Kaarta’s Stencil 2 release offers a lot more than a new compact mobile lidar

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Kaarta has announced a new version of its Stencil real-time 3D scanning system. Though the changes include the kinds of updates you might expect—better hardware, improved accuracy, easier workflow and so on—the truth is that there’s a lot more going on beneath the surface than it first appears.

Hardware changes

First, the obvious stuff. The newest Stencil proves out Moore’s law by including a faster processor for, you guessed it, faster processing. It also adds an HDMI connector for better connection to external monitors, and double the on-board storage capacity for easier storage and reduced need to connect to an external drive or computer for storage. Now the system also records GNSS data for loop closures and geolocation, which helps correct drift when you use the system in large spaces, improving the results of Kaarta’s strong SLAM algorithm.

Three passes through an intersection correctly registered in post processing using GNSS in loop closure

User interface

Kaarta’s head of marketing Kathy Pattison told SPAR that the device now ships with an iPad, a move that signals a big change in the user interface. Where once users were held to interacting with a text-based, command line interaction, now they get an icon-based UI.

The new Stencil also gives users the ability to operate the device using the iPad on a wireless connection. Pattison says this update makes for much more flexible real-time mobile operation, as it opens up a whole new group of implementation styles (“think vehicle-mounted”) and allows users to make parameter changes remotely, and on the fly instead of through physical manipulations or taking the time to connect a wired display.

Stencil 2’s UI also offers new user settings, including the option to choose when to generate full-sized maps, which allows greater control over on-device processing and frees the Stencil up for additional scanning in the field. Last but not least, you’ll find a new file management system that keeps all scan data in one place, and what Kaarta calls simplified localization modes.

Incremental upgrades to the Kaarta engine

Kaarta is among a new wave of hardware/software vendors that considers itself more dedicated to the software that makes the processing possible. Pattison says they make solutions that are “relatively hardware agnostic,” giving them “the ability and agility to incorporate the latest off-the-shelf components as they come to market.” This approach makes the Kaarta Engine, which powers the Stencil 2, the central product offered by the company.

Transition from point cloud to surface mesh to color point cloud to photorealistic 3D model.

The Kaarta Engine has seen a lot of upgrades since the Stencil 1 or the Contour hit the market. “This is where Kaarta shines,” says Pattison. “We are constantly improving and enhancing our algorithms and software and we make these upgrades available to users for free (no software license).

She listed “a few” of the many updates to the engine that users have received since the latest hardware release:

  • Reality Layer, which we wrote about in April. This function automatically processes the point cloud to create surface models that it drapes with high-res color imagery. For your “one click,” you get a photorealistic model.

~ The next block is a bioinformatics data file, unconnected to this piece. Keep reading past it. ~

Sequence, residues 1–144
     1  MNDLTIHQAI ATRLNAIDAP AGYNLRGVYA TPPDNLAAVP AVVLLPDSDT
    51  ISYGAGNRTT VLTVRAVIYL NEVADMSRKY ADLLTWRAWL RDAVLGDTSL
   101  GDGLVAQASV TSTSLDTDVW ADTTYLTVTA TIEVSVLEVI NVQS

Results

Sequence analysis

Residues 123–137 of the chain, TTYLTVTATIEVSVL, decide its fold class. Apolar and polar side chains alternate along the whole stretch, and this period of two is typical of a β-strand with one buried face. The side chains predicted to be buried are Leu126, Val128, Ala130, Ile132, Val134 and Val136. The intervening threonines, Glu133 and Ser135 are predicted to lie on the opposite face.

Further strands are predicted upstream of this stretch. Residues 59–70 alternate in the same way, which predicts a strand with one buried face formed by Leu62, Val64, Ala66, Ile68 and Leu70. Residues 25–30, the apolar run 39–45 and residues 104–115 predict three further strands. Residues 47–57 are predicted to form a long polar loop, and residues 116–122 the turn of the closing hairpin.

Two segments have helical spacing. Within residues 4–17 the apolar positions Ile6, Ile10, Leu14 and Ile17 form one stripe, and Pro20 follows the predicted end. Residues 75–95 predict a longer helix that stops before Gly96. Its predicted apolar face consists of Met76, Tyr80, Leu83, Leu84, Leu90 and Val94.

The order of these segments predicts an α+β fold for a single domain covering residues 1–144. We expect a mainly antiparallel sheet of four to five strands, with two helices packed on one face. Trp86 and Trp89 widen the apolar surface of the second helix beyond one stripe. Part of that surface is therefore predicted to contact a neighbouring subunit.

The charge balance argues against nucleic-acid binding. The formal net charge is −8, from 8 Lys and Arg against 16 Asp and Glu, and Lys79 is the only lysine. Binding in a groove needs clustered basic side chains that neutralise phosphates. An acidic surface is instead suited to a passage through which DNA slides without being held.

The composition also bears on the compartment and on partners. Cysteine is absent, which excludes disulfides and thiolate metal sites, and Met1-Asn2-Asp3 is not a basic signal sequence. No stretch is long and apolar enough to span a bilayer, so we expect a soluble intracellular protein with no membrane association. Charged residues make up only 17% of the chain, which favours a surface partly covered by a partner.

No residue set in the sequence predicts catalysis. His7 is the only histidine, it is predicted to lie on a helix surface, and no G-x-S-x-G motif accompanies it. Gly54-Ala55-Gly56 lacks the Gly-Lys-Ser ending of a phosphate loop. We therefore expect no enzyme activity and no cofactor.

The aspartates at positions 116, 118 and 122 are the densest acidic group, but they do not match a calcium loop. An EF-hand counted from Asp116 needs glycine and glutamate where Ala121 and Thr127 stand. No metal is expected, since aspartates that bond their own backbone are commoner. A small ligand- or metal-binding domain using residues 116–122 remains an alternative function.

• Confidence Metrics. The UI offers immediate feedback on the quality of scan, showing when scan data is improperly registered against the map and estimating the likelihood of errors. Pattison says it goes beyond offering users the ability to adjust their scans by changing their technique or adjusting parameters, “it actually prevents the system from adding bad points.”
  • Real-time color overlay on map preview. Another feedback mechanism that lays color images over the map in progress, in real-time, showing users when they have captured enough imagery for a full colorized model.
  • Fast resume from previous scans. Load saved scans in a matter of seconds and continue scanning from the start, end, or any other recorded key position.
  • Pause. Users can stop adding points to the map, but the device continues to track where it is. “This can be used,” Pattison says, “if a person/vehicle is walking past, if you’re opening a door, or if you’re temporarily setting the device down.”
  • Point cloud slicing. Grab a section of a point cloud and the system automatically levels it, rotates it, and generates a 2D image. In other words, grab a 2D floor plan in the field, on-demand.
  • Single and multi-story leveling. Adjust and level the floor on one or multiple floors automatically.

What’s next?

Pattison notes that since mobile mapping has matured from a “curiosity to a solid solution for many problems,” Kaarta plans to continue developing its hardware and software to meet the needs of more and more applications.

“In the near future,” she says, “you’ll see additional software services from Kaarta where users will be able to send captured data directly from a device, store it in the cloud, and post process it to produce CAD and BIM models.”

Given the incremental changes between hardware releases, it’s clear we’ll see a lot of changes to Kaarta’s system in the coming years.

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About Author

SPAR 3D Editor Sean Higgins produces SPAR 3D's weekly newsletters for 3D-scanning professionals, and spar3d.com. Sean has previously worked as a technical writer, a researcher, a freelance technology writer, and an editor for various arts publications. He has degrees from Hampshire College in Amherst, Massachusetts and the University of Aberdeen in Scotland, where he studied the history of sound-recording technologies. Sean is a native of Maine and lives in Portland.

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